-specialised training in e.g. geology, hydrology, chemistry, limnology, resource economics.

 

Training needs

  • Training & education at all levels of society from grass roots up to parliament
  • Re-orientation from a supply based ethos to a demand management ethos amongst existing government officials and consultants.
  • Sector driven and accredited training programmes aimed at operator and management levels
  • Capacity building at local government level. (South Africa)
  • Training at all levels: grass-roots; middle class and top leadership and general public awareness on the intricacies of IWRM, through short applied courses. (Zambia)
  • Stakeholder capacitation for water management at grassroots level
  • Senior management also need refresher courses
  • Post-graduate degree programmes in areas of integrated water resources planning and management, including water demand management. (Zimbabwe)

Regional training is seen as more cost effective than training of staff at overseas institutions. One practical obstacle is the differences in the education systems, and the differences in entry requirements to enrol in a BSc degree programme. In Zimbabwe A levels are required, whereas in countries such as Botswana and Malawi one joins the university with O levels.

New questions:

6.1. There is a quantitative aspect to training: is our training capacity sufficient to cater for future needs?

6.2. There is the qualitative aspect: are our training institutions sufficiently equipped to address the needs of the near future? Which (inter-)disciplinary fields should have our special attention?

6.3. What are the possibilities of training institutes within the region establishing cooperative links, through mutual accreditation of course elements or through joint offering of courses?

7. Suggestions and advice

A suggestion:

Formation of a professional body of water sector practitioners to avoid unprofessional chancers to engage themselves in consultancies

In addition to the answers on the questions we posed, we also received encouraging and cautioning advice.

1. Integrated Water Resource Management is an ongoing process and the biggest threat is the imposition on non-appropriate technology and management procedures not fully accepted locally.

2. SADC Water Sector should facilitate coordination of activities of member countries, as well as maintain a data bank

3. Seek the involvement, the concurrence and the sponsorship of other initiatives revolving around Integrated Water Resources Management, such as UNDP Roundtable Conference, Global Water Partnership initiative, IBRD programmes, and donor countries with a long-lasting trajectory in the water sector of Southern Africa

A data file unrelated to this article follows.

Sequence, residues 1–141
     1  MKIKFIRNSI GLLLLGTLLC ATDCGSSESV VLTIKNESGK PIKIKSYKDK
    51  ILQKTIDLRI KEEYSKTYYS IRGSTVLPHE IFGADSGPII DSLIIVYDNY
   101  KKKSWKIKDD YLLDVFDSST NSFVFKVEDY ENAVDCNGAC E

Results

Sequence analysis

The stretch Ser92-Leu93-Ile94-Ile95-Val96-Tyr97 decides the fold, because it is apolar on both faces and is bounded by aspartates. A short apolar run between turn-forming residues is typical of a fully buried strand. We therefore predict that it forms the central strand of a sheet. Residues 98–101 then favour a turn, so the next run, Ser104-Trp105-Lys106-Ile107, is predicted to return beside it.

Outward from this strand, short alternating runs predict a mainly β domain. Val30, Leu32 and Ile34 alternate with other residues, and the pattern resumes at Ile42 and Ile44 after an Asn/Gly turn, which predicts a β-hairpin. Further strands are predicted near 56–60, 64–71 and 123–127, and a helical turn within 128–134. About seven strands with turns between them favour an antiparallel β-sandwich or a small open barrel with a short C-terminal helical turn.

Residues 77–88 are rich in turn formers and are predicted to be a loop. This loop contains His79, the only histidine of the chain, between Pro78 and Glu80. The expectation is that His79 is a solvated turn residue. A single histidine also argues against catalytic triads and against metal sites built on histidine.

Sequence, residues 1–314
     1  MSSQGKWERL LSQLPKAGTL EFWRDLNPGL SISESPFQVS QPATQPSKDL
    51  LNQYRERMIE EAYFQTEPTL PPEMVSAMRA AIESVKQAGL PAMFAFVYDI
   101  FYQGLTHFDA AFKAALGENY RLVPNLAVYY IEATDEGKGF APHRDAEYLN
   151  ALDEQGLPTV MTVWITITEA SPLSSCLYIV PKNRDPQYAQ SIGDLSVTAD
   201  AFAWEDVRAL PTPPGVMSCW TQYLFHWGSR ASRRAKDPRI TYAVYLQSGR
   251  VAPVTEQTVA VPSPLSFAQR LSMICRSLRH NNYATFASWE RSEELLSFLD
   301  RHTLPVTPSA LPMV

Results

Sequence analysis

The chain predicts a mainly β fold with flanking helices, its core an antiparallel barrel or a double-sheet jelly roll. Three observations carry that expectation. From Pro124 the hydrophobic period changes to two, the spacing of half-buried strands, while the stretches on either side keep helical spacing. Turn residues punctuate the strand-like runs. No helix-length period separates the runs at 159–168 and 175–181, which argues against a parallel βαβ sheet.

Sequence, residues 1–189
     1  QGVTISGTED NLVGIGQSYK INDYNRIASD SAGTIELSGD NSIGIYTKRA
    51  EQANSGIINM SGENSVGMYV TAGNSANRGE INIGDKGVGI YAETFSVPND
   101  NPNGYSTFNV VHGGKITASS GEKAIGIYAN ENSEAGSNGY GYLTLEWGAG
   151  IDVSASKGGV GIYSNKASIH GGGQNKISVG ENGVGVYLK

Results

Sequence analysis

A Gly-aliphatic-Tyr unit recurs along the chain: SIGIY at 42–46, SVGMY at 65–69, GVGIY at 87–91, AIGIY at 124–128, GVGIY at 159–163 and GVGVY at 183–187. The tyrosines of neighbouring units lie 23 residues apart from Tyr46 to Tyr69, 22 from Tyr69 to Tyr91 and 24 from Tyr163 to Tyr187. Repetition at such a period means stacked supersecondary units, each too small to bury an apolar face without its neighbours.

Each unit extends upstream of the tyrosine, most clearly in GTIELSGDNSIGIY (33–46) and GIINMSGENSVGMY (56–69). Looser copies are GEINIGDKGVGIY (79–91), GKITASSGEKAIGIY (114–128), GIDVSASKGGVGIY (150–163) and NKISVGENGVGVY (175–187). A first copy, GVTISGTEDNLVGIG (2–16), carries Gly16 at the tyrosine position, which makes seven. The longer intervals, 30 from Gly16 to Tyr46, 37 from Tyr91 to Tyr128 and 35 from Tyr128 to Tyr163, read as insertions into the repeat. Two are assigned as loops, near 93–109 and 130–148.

4. Much liaison is essential to ensure that overlaps between programmes are constructive and not damagingly competitive

New question:

7.1. In what practical way or ways can we enhance liaison, communication and exchange of information on Integrated Water Resources Management activities in our region?

8. By way of conclusion

The survey responses, we hoped, would answer all our questions. We even tried to fill out a table as given below, but without success. The survey responses helped us formulate a number of new questions which we think need to be addressed, and answered. These were placed in double-lined boxes. We wish to invite all respondents to the questionnaire and the others on our mailing list to comment on this preliminary inventory, and answer some or all of the questions posed. We also invite you to answer Question 8.1. by filling out the row(s) of the table you are most conversant with. In addition, we encourage you to add your own pressing questions, and we would welcome your own preliminary answers to these.

We will report back on the responses to you in due course. We may also contact a number of institutions of particular interest in a more direct way.

Jerry Ndamba & Pieter van der Zaag Harare, October 1997

New question:

8.1 Please fill out the row or rows that are applicable (using +++, ++, +, +-, -, --, ---).

Country Water

Scarcity

Potential

Conflicts

Local

Management

Capacity

Training

Needs

Training

Capacity

Fictitious example:

Zimbabwe

+ + +- +++ +-
Angola          
Botswana          
Lesotho          
Malawi          
Mauritius          
Mozambique          
Namibia          
South Africa          
Swaziland          
Tanzania          
Zambia          
Zimbabwe          
Kenya          
Uganda          

All responses to this article should be sent to :
Jerry Ndamba at
IHE@mango.zw